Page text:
In your current role, you probably have a lot on your plate. It’s easy to get overwhelmed and take on too much responsibility. Instead of burdening others, it’s tempting to add more items to your ever-expanding to-do list. That’s why knowing when and how to delegate is an incredibly important skill.
Unfortunately, there are few tutorials that effectively teach delegation. This skill is more involved than simply assigning a job to someone else. It also goes beyond identifying who on a team is the most qualified and best suited for a project. Instead, effective leaders evaluate the assignment and ask, “Who would see this project as not just a task, but as an opportunity?” This requires more than knowing the project — it pushes leaders to know their team.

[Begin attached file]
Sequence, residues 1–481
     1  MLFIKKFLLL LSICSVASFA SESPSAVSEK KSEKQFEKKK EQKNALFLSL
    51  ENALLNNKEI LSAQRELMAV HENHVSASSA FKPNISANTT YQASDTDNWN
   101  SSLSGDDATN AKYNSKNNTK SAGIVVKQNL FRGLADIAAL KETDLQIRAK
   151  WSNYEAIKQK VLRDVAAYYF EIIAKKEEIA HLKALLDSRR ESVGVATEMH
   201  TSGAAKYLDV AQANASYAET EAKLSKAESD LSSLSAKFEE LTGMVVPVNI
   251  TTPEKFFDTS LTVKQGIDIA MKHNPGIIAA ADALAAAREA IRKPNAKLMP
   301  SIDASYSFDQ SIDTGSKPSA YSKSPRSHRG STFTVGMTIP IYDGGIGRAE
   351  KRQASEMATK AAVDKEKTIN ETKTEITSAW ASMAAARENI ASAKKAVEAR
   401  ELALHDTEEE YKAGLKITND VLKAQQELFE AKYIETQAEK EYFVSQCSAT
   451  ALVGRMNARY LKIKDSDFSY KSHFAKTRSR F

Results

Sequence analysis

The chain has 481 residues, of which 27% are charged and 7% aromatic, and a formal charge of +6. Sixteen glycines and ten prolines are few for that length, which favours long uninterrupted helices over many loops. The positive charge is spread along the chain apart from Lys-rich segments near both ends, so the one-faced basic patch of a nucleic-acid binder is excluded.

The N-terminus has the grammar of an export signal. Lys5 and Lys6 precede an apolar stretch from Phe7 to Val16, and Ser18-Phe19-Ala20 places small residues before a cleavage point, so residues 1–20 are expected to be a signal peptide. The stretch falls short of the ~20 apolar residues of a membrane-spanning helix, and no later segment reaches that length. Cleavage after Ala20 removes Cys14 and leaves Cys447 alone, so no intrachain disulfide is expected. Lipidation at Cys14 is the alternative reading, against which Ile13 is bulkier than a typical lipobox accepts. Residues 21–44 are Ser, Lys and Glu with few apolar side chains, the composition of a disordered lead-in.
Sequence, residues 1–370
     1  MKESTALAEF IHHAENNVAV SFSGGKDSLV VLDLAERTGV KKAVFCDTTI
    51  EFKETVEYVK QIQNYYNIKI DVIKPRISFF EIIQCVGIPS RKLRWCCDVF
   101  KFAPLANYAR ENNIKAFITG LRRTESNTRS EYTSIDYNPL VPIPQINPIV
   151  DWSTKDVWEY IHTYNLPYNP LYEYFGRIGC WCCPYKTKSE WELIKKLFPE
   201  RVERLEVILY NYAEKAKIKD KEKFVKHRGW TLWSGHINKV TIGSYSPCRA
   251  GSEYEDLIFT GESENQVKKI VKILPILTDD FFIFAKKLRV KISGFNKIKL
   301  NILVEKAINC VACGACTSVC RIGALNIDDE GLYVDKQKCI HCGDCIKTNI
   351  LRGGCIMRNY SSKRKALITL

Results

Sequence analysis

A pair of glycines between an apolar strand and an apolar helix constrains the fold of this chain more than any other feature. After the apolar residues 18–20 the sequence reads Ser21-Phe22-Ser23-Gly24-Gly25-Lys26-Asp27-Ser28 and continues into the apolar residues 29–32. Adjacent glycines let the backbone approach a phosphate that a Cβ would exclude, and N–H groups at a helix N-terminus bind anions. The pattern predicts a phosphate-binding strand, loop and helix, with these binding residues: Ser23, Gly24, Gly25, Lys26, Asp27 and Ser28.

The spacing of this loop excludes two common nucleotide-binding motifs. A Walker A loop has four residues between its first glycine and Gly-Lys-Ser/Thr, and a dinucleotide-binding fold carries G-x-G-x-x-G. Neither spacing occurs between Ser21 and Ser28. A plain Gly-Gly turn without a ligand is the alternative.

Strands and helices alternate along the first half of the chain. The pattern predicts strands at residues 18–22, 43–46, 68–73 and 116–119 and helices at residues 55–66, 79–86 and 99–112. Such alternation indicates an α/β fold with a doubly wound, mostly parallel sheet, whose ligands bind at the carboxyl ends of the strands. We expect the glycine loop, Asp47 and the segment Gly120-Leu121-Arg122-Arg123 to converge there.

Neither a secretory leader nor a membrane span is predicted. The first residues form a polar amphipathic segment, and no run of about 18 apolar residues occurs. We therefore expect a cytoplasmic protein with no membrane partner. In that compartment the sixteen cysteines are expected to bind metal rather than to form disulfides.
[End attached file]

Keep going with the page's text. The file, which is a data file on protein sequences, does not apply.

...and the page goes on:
Each person is different, with a different background, education, work history, etc., and we look at things in different ways. For some, a particular assignment may be no more than another item on a to-do list, while for others, that same assignment could be something that excites and ignites their passion. For example, I look at hosting a symposium or conference as an energizing event, while many others see that job as a daunting if not overwhelming chore. The job still needs to be done, but it’s far more effective to give that responsibility to someone who would be invigorated by it.
So next time you start noticing your to-do list filling up, ask yourself if there’s someone on your team who would benefit from this experience, enjoy the challenge, or think of this as a valuable activity that will help advance their career. Then, take it off your plate and give this opportunity to them. Now, not only will you be able to check something off your list, you’ll be empowering a team member at the same time.
Bri McWhorter is the Founder and CEO of Activate to Captivate.